So just think about what you’re trying to get across. If an image is going to enhance that, pop one in. If it’s not, skip it. But at least consider that the modern book can be a multi-sensory experience where images serve multiple functions, and that letters don’t have to be the only way you communicate.


How Sunk Cost Keeps You Reading (and Writing) Bad Books


For a lot of jobs, once you reach a certain point, it doesn’t make a whole lot of sense to stop. Whatever you’ve already invested demands that you keep going, or else you’ll probably end up taking some kind of loss.

This is known as sunk cost. And unfortunately, it doesn’t just apply to work. It applies to your reading list, too. It easily can keep bad books in your hands.

What basically happens is, you pick up a book, get a little way into it, and realize that it’s just not lighting any fireworks for you. But whatever the issue might be (e.g., poorly developed characters), you look at how many pages you’ve finished or the amount of time you’ve already committed, and you think that you’ll somehow be in the hole if you don’t keep going until the last page.

Or, let me rephrase–sunk cost just keeps you reading bad books.

Of course, sunk cost applies to writers as they create, too. You might feel so invested in a concept, for example, that you keep trying to finish it no matter how many truly unfixable flaws the book has. This issue can get worse over time, because the book can get wrapped up in your entire identity and self-concept as a writer–if you don’t finish, you think, then you’re not serious enough or have to let go of something meaningful for you.

3 horrible consequences of sunk cost in reading and writing

It’s bad enough that sunk cost related to reading robs you of your immediate joy. But an equally insufferable problem is that, because you commit your time to the bad book, you’re locked out of other good ones. And that’s an incredible disservice to the writers who really deserve to be discovered and enjoyed.

This issue has been around practically since books first became mainstream. But I think it’s gotten worse with the growth of self-publishing. Don’t misunderstand here–I think self-publishing can be a beautiful thing and put power back in the hands of writers where it belongs. But because it is so easy, there also are plenty of people putting out content that’s mediocre at best. So readers have more opportunities and options, but the noise is louder, and it can be harder to figure out which writers are worth a risk.

On the writer side, if you can’t let go of a bad concept that you’ve transferred onto your sense of skill or who you are, then you might never move forward to ideas that honestly are better and have more potential of bringing income and fame. You can deliver an inaccurate representation of what your best is, and as a result, struggle to be taken seriously.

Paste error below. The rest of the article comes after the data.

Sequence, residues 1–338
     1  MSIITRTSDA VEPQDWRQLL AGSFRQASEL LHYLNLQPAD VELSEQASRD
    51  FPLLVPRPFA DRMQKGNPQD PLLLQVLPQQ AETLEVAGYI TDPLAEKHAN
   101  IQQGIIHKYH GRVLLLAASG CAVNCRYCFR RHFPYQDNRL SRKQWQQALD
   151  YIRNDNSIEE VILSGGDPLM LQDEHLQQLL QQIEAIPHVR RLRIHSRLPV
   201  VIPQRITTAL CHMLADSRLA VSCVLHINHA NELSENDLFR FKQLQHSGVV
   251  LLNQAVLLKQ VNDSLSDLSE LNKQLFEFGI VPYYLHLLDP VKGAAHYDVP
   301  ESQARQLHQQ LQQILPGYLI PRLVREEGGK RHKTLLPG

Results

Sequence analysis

How readers and writers both work against the problem

If you’re a reader, then combat sunk cost with three basic strategies:

  • Read reviews–lots of them. No matter what you’ve been hearing about the book through the grapevine overall, get a balance of the 5 and 1 star ratings. This will help you feel like it’s OK to go against the grain of the popular opinion if needed.
  • Scan the table of contents to make sure that the entire book truly covers what you need or are interested in, or scan a few pages or paragraphs from different spots within the text to get a basic sense of the writer’s voice and delivery.
  • Set a test boundary you can apply consistently to any text. For example, if you’re not sucked into the book in x pages or minutes, then you’ll put it back on the shelf.

And if you’re a writer, lean on these tips to improve your manuscripts:

  • Use beta readers through your entire writing process. There always will be outlier opinions, sure, but feedback can help eliminate most of the issues that disappoint readers long before your final copy is available, and you often can apply what you learn to your next book.
  • Advertise transparently. It’s tempting to try to pigeonhole your work into a neat box you know buyers respond to, but if you are absolutely clear what the book is for or about, readers are more likely to feel confident in the selection. Bait and switches don’t earn you any long-term loyalty or referrals.
  • Throw quantity out the window. This means that a book takes however long it takes to get right, and that you don’t try to quantify success by how many titles you’re cranking out. Being prolific is not necessarily synonymous with being a truly great storyteller.